Both suffer from believing a lie. That type of mental anguish is worse than the physical ailment. This lie is dispensed every Sunday in church like the drinks at the coffee bar. It’s called having your best life now. It’s a theology of glory. God is supposed to keep us healthy, wealthy, and satisfied Christians.  Broken

But God has promised no such thing this side of heaven. What we long for – perfect health, perfect harmony in our relationships, perfect families and perfect joy – will be a reality when we’re living in the new heavens and the new earth, but not here.

While the longings of our hearts are right, our timing is off. This is the wilderness we’re trudging through, just like the Israelites did. Canaan was their destination, not some plot of sand with a well and a palm tree. Like them, we are headed to where all our longings will be fulfilled, but at the moment we keep our sandals on and keep walking.

The only one who had his best life was Jesus because he lived in heaven. But he willingly left that behind to live his worst life for 33 years. There’s reason why Isaiah describes him as a Man of Sorrows. We never read of Jesus laughing or telling a joke. He lived with suffering every day. The worst kind in the rejection of his own people he came to save. Day in and day out he suffered with people’s unbelief and hatred.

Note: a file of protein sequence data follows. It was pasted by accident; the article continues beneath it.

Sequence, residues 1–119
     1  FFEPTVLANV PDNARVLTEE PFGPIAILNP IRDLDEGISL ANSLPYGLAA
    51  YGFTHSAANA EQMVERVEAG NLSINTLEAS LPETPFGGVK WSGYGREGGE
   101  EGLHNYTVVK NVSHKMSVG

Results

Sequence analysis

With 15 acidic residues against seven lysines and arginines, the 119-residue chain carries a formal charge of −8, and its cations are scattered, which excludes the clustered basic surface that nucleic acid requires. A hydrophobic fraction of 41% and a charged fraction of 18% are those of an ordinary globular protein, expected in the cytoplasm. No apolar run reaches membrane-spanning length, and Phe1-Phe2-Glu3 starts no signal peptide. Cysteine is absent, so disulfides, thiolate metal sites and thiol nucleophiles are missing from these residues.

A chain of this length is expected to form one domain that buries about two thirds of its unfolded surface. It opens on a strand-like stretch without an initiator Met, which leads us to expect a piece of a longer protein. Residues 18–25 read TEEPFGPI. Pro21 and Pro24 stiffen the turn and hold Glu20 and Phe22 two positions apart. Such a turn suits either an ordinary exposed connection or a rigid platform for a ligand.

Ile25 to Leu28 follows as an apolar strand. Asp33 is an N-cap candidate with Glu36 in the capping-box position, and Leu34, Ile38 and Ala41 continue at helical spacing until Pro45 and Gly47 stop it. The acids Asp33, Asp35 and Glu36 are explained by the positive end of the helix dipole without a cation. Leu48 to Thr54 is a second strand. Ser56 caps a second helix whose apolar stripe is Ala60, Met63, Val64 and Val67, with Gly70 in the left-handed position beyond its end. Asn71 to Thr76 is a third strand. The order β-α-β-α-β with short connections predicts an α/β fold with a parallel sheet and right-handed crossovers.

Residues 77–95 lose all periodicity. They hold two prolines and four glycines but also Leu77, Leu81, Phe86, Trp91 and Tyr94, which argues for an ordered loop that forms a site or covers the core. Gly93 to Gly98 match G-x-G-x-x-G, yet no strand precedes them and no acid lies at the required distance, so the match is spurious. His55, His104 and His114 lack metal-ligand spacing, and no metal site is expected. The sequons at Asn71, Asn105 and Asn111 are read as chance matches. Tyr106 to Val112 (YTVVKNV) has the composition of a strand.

He owned nothing except the clothes on his back. He went hungry. He wept. And yet with this example we’re taught to expect God to give us everything he never gave his Son.

We hate living ordinary lives. We crave notoriety, we demand to live our potential, we love unearthing the divine spark within. Except there’s nothing biblical in any of it. It’s worldliness disguised as philosophical fast food.

The only Person who lived up to his potential was Jesus. We can’t because sin holds us back.

The only One whose life was not ordinary was Jesus’s. Ours are routine and unexceptional every day.

The One who lived by God’s every law was Jesus thereby meriting heaven. We live to break every law and merit hell.

Knowing this, we still demand our best life now. It’s insanity. No wonder we’re depressed and despairing.

The only course correction is to read the bible with fresh eyes and ask God for new understanding of life under heaven. Who is with me?

Talk to me.

 

Life in an Upside Down World